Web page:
So your Bible's signatures are sewn together instead of glued, and the cover is calfskin or even goat, and not some unspecified mystery leather or pleather. Is that something to feel guilty about? You paid twice the going rate, even three times. Or four. Would it have been more pious to go for the cheapest edition and donated the extra cash to a good cause? Is there sometimes a little voice in your head saying something like this: "Instead of focusing on the outside so much, maybe you should trying reading what's inside." 

Since I started writing about the physical form of the Good Book several years ago, one of the most intriguing and baffling phenomena I've observed is the guilty pleasure syndrome. People who act on their frustration with corner-cutting, throwaway Bibles by doing some research and spending some extra dollars to get the kind of quality that used to come standard, only to feel guilty about it afterward. Made to feel guilty, many times.

Scroll through the archive of comments and you'll find a few in this vein. I make a point of not deleting them, because they serve as an object lesson. I get e-mails along the same lines, too. Sometimes an outraged citizen of the blogosphere will point out how impious it is to even think about stitches and grain when there are sheaves to be brought in. Sometimes a sympathetic reader will confess to feeling guilty for enjoying his nice Bible, since he spent so much more on it than his friends at church would ever dream of shelling out. (The ones who don't know their $20 gluejobs will fall apart if ever they read them, because, well ... they haven't.)

I don't pay much attention, because it's not something that's ever bothered me much. I don't feel guilty for having a quality Bible, or for helping other people find their own. Quite the opposite. I think I'm doing something good, something valuable.

Look, I love evangelicals. I am one, strictly speaking. But if there's one thing I've learned from hard experience, it's that whenever we see people enjoying themselves "too much," we sense an opportunity to pounce. There's something wrong about everything, the key is to find out what. And to be the first one to throw a flag on the play. That joy of denunciation can be so intense, so addictive that it drives out all sense of perspective. If you're wondering, that's the object lesson I was referring to before. Not all zeal is good zeal.

But if you're struggling with this, I'd like to offer a few points to consider.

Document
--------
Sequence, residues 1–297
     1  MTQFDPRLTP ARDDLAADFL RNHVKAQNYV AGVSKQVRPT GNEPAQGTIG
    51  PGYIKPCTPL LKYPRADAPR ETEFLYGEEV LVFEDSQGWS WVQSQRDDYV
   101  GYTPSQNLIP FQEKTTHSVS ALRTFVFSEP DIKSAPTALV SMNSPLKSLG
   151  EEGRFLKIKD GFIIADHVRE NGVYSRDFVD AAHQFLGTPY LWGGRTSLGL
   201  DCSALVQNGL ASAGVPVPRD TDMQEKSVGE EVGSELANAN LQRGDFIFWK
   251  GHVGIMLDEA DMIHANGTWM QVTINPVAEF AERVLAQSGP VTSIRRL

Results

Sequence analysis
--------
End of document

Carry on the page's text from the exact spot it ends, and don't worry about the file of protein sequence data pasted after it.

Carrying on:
1. Quality is now a luxury -- i.e., it isn't cheap. I've written about this before, but it bears repeating. There's a difference between spending $150 or $200 on a premium Bible and spending $5,000 on a designer handbag. You're not making a statement with those dollars, you're making an investment. The thing that motivated me to learn more about the design and manufacture of Bibles was frustration: I hated how badly the average late twentieth century Bible was made, its vestigial decorative touches about as authentic as the timber on a suburban Tudor facade. I spent a lot of money on bad Bibles before I spent a dime on good ones. If you manage to spend $150 on a Bible you'll use for five, ten, twenty years, you're doing all right. It's like shoes, remember? You can buy cheap ones, but you'll have to buy more and more. Unless you don't wear them, which is how some folks keep their Bibles intact.

2. You're supporting a dying art. That rationale applies to the reader who, in search of a lifetime Bible, finds this site and makes an informed purchase. But what about the person who makes ten or twenty of those informed purchases? Isn't that a Bad Thing? Not if you ask me. People are pretty indifferent to the Bible, generally speaking, which means publishing quality editions is a niche market inside a niche market. The reason I don't have a problem with Bible "collecting" is that people in that line help keep the options alive. It's frustrating to find the Bible you've been looking for all those years, then discover it's out of print. Why is it out of print? Because nobody was buying. So if you ask me, the question really isn't how much you've spent. It's what did you spend it on. If you spent $20 to support the problem, I'm sorry, that doesn't impress me as much as the guy who spent ten times that to support the solution.

3. A gadfly in the ointment. Then there's Matthew 26. If you recall, while Jesus was in the home of Simon the leper, a woman anointed him with expensive perfume. Christ called what she'd done "a beautiful thing," but beauty has always seemed a costly frivolity to the more practical minded. "Why this waste? For this could have been sold for a large sum and given to the poor." Sounds good, right? But in John's gospel we learn that the prime mover behind this objection was Judas, and his motives had more to do with the fact that he held the money bag than any abstract affection he might have for the less fortunate. While I don't want to belittle anyone's Oskar Schindler moment, a realization that a luxury or two forgone could have saved another life, there's something slightly facile about imposing such sanctions on others -- especially typing them out on your laptop then sending them via your high speed Internet connection. Sometimes the better path involves more delighting in beauty and less consternation about the sacrifices others ought to be making.

Why am I spending so much time belaboring the point? Because I don't want to spend another moment on it again. My attitude in a nutshell is this. Don't feel guilty for insisting on quality. Don't beat yourself up for supporting the folks who make quality editions. And don't submit to the judgment of people who, whether they realize it or not, seek to bind your conscience to salve their own. 

Instead, delight in the printed Word. Do what you can to introduce others to quality-bound Bibles. And when critics come around, as they inevitably will, remember to be kind.